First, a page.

Two Images and an API: Everything We Need for Recoloring Products
<img>of a product, we can colorize it in different ways to show different color options. We don’t even need any fancy SVG or CSS to get it done!
We’ll be using an image editor (e.g. Photoshop or Sketch) and the image transformation service imgix. (This isn’t a sponsored post and there is no affiliation here — it’s just a technique I want to share.)
I work with a travel software company called CarTrawler on the engineering team, and I recently undertook a project a revamp our car images library that we use to display car rental search results. I wanted to take this opportunity to introduce dynamically colored cars.
We may sometimes load up to 200 different cars at the same time, so speed and performance are key requirements. We also have five different products throughout unique code bases, so avoiding over-engineering is vital to success.
I wanted to be able to dynamically change the color of each of these cars without needing additional front-end changes to the code.
Step 1: The Base Layer
I’m using car photos here, but this technique could be applied to any product. First we need a base layer. This is the default layer we would display without any color and it should look good on its own.
Step 2: The Paint Layer
Next we create a paint layer that is the same dimensions as the base layer, but only contains the areas where the colors should change dynamically.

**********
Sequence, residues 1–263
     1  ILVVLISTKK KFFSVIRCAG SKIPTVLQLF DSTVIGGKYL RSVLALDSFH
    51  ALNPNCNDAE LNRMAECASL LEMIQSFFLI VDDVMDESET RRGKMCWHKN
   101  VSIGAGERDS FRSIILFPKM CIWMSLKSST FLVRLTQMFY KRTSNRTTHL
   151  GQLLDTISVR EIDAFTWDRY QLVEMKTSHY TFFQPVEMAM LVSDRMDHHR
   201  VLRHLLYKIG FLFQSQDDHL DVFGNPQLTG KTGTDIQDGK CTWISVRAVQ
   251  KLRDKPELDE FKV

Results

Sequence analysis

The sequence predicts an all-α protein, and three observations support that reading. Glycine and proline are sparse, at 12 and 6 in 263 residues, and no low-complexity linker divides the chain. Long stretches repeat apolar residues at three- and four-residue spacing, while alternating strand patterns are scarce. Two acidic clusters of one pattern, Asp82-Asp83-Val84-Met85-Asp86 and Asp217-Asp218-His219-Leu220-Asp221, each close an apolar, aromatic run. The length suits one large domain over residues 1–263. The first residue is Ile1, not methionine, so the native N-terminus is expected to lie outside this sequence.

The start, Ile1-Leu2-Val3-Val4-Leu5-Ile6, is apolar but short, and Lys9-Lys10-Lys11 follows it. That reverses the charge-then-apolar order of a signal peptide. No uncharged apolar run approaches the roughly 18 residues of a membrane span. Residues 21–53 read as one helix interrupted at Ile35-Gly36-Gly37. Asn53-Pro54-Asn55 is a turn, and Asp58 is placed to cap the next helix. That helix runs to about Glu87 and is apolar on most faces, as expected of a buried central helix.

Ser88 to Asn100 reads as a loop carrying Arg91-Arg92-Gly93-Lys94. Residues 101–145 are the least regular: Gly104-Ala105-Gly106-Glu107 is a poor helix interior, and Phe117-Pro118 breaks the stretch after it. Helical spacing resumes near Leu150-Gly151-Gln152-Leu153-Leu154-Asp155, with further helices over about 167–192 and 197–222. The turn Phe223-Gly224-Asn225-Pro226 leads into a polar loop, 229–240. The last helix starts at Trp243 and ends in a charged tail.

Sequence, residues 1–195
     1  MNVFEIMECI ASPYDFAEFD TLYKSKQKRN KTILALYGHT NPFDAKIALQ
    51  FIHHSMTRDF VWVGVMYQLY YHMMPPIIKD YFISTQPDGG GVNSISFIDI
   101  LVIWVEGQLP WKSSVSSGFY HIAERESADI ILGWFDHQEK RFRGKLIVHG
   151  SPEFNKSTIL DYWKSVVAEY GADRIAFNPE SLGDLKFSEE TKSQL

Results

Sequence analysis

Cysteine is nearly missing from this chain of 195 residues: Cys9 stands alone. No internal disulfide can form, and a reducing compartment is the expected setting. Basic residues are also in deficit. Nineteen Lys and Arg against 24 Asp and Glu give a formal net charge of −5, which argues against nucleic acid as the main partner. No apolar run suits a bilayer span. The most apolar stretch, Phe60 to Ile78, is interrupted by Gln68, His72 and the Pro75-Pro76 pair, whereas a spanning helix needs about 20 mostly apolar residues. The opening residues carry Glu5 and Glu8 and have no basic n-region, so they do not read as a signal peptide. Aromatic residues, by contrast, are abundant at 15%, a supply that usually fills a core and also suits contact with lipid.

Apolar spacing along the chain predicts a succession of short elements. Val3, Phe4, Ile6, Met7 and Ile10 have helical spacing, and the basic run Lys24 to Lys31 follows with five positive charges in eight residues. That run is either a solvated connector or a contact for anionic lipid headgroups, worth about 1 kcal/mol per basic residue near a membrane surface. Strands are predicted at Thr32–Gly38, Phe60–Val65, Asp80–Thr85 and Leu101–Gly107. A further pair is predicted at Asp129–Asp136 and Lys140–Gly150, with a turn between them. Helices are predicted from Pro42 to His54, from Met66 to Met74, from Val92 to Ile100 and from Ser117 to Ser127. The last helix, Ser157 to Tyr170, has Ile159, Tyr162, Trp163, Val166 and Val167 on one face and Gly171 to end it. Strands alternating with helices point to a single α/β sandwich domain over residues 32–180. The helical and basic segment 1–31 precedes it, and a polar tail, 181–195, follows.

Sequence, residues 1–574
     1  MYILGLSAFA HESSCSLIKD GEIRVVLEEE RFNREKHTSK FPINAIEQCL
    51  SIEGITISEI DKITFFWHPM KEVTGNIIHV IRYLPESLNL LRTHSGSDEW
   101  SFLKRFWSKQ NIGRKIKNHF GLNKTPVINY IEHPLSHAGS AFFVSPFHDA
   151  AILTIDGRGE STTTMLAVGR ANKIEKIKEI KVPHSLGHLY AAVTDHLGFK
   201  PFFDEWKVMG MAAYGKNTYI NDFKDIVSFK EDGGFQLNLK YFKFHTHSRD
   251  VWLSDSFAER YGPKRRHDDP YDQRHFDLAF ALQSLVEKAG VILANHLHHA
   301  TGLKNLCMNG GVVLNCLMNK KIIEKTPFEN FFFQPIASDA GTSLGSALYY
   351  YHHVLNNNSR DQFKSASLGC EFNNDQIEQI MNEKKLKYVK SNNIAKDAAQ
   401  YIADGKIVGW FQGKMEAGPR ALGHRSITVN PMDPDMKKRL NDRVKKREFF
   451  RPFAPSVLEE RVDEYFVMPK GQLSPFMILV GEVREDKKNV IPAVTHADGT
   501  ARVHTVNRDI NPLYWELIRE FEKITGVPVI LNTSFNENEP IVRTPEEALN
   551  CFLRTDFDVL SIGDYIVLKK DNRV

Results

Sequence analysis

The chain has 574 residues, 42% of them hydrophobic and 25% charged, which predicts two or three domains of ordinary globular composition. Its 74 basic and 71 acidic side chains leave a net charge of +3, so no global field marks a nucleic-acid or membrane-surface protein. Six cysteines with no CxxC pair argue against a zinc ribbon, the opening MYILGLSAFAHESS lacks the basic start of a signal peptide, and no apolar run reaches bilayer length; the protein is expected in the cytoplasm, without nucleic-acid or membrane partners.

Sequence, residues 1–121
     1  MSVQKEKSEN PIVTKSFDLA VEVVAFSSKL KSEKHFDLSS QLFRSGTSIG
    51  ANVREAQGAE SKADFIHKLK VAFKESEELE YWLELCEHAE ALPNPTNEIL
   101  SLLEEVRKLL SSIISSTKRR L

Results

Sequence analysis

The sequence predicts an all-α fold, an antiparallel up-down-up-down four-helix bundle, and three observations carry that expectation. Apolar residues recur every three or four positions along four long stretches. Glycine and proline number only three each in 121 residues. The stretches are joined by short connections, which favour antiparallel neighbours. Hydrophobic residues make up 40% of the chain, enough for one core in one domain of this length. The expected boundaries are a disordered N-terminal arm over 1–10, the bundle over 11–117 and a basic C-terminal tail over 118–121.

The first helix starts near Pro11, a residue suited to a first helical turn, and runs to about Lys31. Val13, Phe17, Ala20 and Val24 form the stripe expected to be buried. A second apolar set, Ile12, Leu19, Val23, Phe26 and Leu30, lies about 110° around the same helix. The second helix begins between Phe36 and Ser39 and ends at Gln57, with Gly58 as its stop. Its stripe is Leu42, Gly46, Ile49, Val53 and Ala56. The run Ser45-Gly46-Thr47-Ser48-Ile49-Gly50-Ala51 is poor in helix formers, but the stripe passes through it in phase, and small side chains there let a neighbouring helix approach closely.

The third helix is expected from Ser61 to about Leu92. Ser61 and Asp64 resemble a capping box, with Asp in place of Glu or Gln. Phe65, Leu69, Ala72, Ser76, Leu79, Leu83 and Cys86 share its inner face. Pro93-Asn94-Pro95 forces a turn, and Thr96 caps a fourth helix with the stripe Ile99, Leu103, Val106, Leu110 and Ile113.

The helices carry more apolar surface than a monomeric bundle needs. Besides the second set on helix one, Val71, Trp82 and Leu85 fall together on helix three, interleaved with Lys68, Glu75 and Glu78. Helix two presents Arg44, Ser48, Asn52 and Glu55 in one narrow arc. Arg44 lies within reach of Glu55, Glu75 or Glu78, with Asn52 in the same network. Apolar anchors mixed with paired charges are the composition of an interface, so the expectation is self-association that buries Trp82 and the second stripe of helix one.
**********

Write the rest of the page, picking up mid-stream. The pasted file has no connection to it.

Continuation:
A light color is key for the paint layer. Using white or a light shade of gray gives us a great advantage because we are ultimately “blending” this image with color. Anything darker or in a different hue would make it hard to mix this base color with other colors.
Step 3: Using the imgix API
This is where things get interesting. I’m going to leverage multiple parameters from the imgix API. Let’s apply a black to our paint layer.
We changed the color by applying a standard black hex value of
If you noticed the URL of the image above, you might be wondering: What the heck are all those parameters? The imgix API docs have a lot of great information, so no need to go into greater detail here. But I will explain the parameters I used.
w. The width I want the image to be
bri. Adjusts the brightness level
con. Adjusts the amount of contrast
monochrome. The dynamic hex color
Because we are going to stack our layers via imgix we will need to encode our paint layer. That means replacing some of the characters in the URL with encoded values — like we’d do if we were using inline SVG as a background image in CSS.
Step 4: Stack the Layers
Now we are going to use imgix’s watermark parameter to stack the paint layer on top of our base layer.
Let’s look at the parameters being used:
w. This is the image width and it must be identical for both layers.
mark-align. This centers the paint layer on top of the base layer.
mark. This is where the encoded paint layer goes.
In the end, you will get a single URL that will look like something like this:
That gives the car in black:
Now that we have one URL, we can basically swap out the black hex value with any other colors we want. Let’s try blue!
Why not red?
That’s it! There are certainly other ways to accomplish the same thing, but this seems so straightforward that it’s worth sharing. There was no need code a bunch of additional functionality. No complex libraries to manage or wrangle. All we need is a couple of images that an online tool will stack and blend for us. Seems like a pretty reasonable solution!